How to be a Super Hero Supply Teacher... Part 2!

3) Respect yourself, your colleagues and your students.

As a professional educator, this almost goes without saying, however, in our busy times of short concentration spans, fast food, faster internet access and instant gratification, this basic social tenet can sometimes be overlooked in favour of just ‘getting things done’! Especially in the school environment where the emphasis is all too often upon exam results and league tables, having mutual respect is even more valuable. Treat yourself kindly, don’t be too critical of your lessons, or your teaching, have realistic expectations of each one. Likewise, respect your pupils, and understand that as a supply teacher it is often an impossible task to know each students with them, you will find that more often than not, this is reciprocated. Your colleagues, who in this case are your fellow teachers, they are going through a very similar experience to you, so recognise this and fine some common ground to talk about, a little solidarity goes a long way!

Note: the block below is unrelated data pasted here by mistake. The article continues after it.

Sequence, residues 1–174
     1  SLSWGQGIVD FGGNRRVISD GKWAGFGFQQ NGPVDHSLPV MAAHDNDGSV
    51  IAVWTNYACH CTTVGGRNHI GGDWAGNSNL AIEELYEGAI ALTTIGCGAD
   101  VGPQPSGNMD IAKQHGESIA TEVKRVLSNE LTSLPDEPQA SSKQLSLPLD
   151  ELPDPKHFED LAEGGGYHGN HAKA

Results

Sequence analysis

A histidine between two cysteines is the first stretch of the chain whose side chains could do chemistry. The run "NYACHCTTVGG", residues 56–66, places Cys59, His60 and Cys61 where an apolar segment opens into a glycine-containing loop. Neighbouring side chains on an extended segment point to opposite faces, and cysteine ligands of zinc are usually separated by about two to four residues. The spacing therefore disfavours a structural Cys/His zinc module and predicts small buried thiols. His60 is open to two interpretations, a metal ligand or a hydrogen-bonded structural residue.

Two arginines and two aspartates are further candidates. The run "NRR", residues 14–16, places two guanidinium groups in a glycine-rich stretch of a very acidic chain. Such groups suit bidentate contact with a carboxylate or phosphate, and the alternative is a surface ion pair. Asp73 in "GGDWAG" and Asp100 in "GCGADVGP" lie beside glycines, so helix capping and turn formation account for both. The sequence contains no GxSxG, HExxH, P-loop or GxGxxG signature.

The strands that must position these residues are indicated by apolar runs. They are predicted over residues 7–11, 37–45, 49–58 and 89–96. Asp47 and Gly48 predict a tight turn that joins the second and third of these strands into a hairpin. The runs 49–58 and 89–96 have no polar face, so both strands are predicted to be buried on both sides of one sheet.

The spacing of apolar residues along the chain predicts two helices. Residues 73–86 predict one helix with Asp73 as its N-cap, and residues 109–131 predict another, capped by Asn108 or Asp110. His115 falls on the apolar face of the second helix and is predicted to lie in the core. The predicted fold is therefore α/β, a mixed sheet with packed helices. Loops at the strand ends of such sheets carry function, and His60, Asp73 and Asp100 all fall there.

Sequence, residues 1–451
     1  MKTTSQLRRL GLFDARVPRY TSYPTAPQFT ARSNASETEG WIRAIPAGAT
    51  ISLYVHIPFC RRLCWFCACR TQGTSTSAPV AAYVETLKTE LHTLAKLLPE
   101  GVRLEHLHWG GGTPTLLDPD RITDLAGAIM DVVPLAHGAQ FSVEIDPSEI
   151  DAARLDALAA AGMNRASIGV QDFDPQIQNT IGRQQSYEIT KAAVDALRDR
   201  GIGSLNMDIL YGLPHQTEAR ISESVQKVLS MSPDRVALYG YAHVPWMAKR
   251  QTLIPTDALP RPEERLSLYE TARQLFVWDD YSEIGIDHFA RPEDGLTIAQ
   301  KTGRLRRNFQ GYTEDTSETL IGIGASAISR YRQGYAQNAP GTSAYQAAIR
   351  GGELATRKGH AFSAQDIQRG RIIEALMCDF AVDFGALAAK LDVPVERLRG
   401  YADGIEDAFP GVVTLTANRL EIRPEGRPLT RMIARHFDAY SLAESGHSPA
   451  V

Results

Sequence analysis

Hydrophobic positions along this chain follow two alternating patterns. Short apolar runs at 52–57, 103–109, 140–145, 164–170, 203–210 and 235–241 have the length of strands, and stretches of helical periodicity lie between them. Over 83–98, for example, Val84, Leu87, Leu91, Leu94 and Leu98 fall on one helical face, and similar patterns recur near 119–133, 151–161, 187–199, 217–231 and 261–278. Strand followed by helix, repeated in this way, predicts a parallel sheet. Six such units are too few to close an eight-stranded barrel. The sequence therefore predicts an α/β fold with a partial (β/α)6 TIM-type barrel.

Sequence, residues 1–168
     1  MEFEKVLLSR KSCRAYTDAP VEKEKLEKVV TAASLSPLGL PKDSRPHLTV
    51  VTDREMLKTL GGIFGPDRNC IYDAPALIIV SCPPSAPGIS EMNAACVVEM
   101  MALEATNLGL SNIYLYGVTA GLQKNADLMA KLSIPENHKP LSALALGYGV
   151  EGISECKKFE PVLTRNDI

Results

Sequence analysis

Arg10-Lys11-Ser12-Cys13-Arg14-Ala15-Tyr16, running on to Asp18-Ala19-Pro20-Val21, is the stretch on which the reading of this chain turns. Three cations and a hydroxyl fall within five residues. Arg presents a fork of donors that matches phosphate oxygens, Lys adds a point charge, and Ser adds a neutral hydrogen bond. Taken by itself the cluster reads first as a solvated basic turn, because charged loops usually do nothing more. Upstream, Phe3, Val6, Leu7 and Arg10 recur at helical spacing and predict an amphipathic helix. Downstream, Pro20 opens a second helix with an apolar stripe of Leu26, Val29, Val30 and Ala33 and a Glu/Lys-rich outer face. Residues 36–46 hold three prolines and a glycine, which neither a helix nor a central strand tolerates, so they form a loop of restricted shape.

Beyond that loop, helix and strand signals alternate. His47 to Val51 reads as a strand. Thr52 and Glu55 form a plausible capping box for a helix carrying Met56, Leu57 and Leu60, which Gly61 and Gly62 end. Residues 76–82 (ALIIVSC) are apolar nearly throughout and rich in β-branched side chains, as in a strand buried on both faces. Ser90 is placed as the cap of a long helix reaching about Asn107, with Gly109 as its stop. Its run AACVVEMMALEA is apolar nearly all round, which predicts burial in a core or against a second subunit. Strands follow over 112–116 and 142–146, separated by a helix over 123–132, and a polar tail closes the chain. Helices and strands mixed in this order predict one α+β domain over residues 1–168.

4) Make your lessons fun, entertaining and enjoyable for yourself.

‘Dry’ subjects don’t have to be boring! So, its Monday morning and you’ve got double Maths with a notoriously troublesome Year 9 class. The material you have been left by the absent teacher is scanty and uninspiring to say the least, so the challenges really on! Each challenge in life is poised to become a fantastic opportunity, so grab it and take it by the horns! This is where you not only get to on the creative and ground -breaking resources you have spent years collating, but also your tool box of classroom management tricks. AT the end of the day, empathise with your students, if you would find your lesson dull and uninspiring, then so will they!

5) Enlist the help of your students to make your time more effective in class.

Human nature factoid – people like to be of assistance. Even teenagers! It’s a trick that will serve you well, even with the seemingly most unruly class, but select the most responsible looking class member and ask for their assistance where you can. This may be as simple as getting names for the rest of the class, or enlisting with errands to gather resources, etc. Whatever form it takes, involving members of the class, creates a sense of a team mentality and in providing them with more ownership over their learning environment, thus making them more enthusiastic learners.

Join us for the final instalment of your guide soon!

Kirsty Jandrell, is the Managing Director of TARA Professional Recruitment and a qualified Primary Teacher.

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